Ahead of Rare Disease Day we are publishing blogs from people living with rare autoimmune rheumatic diseases. Primary Sjogren’s syndrome is the designation given when someone is diagnosed Sjogren’s without having a prior diagnosis of another rheumatological condition. In this blog, Pam talks about living with the condition, how it’s affected her and how she has been able to manage it.
It was just by chance that my GP asked for an ANA (Anti-nuclear antibody) blood test. I hadn’t been feeling too well for a while, but I was shocked when the test indicated an autoimmune disorder and he immediately referred me to a rheumatology department.
They carried out a few more tests and decided I either had Sjögren’s or lupus, and I remember leaving that first consultation with the words, “it’s probably Sjögren’s” and being given a small booklet about it.
For many years before this I had experienced so many different irritating symptoms – IBS, joint and muscle pain, dry eyes, dry mouth and fatigue to name just a few. I felt I was just unlucky having to tolerate these, sometimes all at once, and simply tried to ignore them, but as time went on, they worsened. Now I was beginning to understand how this one rheumatic autoimmune disorder could cause all of them.
Research brought me to the BSSA (British Sjögren’s Syndrome Association), an organisation which offers support and organises group meetings. Even though I hadn’t officially been diagnosed yet, I decided to become a member and joined my nearest group. Meeting with others was so useful; Sjögren’s is rarely diagnosed and it can be very isolating, so it was helpful to hear how others managed. It actually took two years, and many more tests, before I was diagnosed with Primary Sjögren’s Syndrome.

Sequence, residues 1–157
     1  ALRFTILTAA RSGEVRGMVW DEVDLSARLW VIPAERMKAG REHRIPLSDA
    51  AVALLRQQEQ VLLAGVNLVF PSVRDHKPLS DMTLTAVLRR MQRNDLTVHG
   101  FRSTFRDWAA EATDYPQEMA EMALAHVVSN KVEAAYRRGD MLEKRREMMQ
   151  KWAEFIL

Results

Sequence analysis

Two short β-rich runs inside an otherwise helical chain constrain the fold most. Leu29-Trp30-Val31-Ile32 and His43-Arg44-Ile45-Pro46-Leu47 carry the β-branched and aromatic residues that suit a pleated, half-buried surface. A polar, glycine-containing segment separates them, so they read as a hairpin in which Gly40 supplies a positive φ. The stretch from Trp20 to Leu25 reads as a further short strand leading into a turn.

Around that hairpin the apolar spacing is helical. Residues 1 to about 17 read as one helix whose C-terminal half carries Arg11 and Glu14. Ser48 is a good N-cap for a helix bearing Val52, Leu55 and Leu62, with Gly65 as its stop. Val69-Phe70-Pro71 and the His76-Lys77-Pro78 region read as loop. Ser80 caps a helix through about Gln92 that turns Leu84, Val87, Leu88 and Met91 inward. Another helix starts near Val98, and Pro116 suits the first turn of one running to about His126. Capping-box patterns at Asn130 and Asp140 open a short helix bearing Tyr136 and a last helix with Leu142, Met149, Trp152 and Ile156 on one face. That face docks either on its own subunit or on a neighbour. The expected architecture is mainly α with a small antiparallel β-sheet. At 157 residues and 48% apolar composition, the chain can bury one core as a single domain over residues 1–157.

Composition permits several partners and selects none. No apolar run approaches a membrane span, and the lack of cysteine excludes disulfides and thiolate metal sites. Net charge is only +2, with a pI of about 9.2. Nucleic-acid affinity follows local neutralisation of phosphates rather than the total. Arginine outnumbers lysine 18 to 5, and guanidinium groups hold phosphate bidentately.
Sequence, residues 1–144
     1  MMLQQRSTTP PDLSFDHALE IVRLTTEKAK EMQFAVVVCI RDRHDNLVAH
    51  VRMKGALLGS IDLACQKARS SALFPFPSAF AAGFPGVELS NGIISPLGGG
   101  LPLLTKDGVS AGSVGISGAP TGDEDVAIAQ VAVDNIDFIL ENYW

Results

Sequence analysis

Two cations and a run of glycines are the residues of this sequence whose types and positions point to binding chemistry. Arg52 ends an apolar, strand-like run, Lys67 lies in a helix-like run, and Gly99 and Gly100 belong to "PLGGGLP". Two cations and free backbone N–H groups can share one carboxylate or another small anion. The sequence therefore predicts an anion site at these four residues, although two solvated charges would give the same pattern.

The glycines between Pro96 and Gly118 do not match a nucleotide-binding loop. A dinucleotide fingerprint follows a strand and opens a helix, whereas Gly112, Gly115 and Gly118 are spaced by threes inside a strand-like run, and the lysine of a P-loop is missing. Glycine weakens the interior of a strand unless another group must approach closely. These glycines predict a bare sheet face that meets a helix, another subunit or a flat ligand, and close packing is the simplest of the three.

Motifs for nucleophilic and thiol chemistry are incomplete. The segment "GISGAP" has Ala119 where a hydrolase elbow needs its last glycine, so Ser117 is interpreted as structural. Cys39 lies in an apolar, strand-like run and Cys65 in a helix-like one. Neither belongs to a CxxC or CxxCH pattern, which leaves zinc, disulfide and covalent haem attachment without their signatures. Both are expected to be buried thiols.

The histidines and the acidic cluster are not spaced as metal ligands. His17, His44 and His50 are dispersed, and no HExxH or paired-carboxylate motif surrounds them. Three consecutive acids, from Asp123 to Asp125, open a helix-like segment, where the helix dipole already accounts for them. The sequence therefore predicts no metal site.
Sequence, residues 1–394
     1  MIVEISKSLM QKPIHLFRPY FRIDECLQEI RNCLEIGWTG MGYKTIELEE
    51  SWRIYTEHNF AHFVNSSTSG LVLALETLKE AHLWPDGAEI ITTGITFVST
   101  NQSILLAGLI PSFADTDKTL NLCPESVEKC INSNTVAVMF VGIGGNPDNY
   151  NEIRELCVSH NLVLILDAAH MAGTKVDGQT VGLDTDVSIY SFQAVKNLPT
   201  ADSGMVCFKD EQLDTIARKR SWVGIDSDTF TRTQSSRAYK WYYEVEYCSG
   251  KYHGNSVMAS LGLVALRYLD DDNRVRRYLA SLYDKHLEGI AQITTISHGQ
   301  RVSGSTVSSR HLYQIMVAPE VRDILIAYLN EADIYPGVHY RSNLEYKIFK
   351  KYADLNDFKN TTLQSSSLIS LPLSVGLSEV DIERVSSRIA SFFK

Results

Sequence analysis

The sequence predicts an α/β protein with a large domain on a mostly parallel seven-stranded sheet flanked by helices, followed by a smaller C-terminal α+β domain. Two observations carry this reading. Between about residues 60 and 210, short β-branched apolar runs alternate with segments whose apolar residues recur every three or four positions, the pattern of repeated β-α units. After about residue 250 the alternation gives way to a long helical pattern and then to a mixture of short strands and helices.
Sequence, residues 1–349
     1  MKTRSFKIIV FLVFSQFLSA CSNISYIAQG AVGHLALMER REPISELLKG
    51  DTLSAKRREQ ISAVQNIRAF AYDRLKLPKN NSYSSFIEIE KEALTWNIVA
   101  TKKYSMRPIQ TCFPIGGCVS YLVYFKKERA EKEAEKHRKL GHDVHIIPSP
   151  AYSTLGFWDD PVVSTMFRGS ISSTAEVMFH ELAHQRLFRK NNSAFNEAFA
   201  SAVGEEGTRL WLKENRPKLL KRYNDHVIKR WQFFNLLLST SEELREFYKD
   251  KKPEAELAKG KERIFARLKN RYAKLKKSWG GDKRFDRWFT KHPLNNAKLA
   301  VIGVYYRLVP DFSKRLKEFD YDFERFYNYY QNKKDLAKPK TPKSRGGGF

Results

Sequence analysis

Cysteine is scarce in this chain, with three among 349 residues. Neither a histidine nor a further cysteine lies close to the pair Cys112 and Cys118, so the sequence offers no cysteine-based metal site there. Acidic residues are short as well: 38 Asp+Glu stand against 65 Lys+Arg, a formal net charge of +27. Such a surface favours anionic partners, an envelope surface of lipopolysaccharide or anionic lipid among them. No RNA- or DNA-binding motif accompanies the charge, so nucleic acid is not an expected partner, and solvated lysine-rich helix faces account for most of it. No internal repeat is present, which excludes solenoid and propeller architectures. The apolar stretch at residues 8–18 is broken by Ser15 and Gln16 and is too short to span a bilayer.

My GP suggested I attend the Expert Patient Programme that our local NHS Trust was running. This is aimed at helping people with long-term chronic conditions learn ways to self-manage their symptoms, and Sjögren’s certainly has a lot of them. It gave me the tools to better cope with chronic pain, to know how to break my symptom cycle, and, more importantly, it has taught me that I am my personal Sjögren’s expert. As my GP says, I know my Sjögren’s better than anyone else.
It has been my experience over the years that different clinicians look at Sjögren’s in different ways; some have not come across it before, don’t fully understand it or see it as a very mild condition. Whilst some people have very mild symptoms, for others it is so debilitating it can greatly impair quality of life, as well as impacting on friends and family. From one day to the next I never know what symptoms will hit me. Sometimes it affects my whole body to the point where I feel it would be so good if I could just have a brand new one!
I tell as many people as I can, especially women, to look out for the signs as I wish I had known about it earlier. I have now learned what some of my triggers are and take action to try and avoid a flare up.
It’s been difficult to accept that I can no longer do things that I used to love doing. Over the years I’ve learned how to use positive thinking and mindfulness, to remember there is always something to look forward to and I always make sure that there is. I have discovered other activities that I can do and enjoy when I feel able.
There is life after a Sjögren’s diagnosis. It’s just very a different one from before!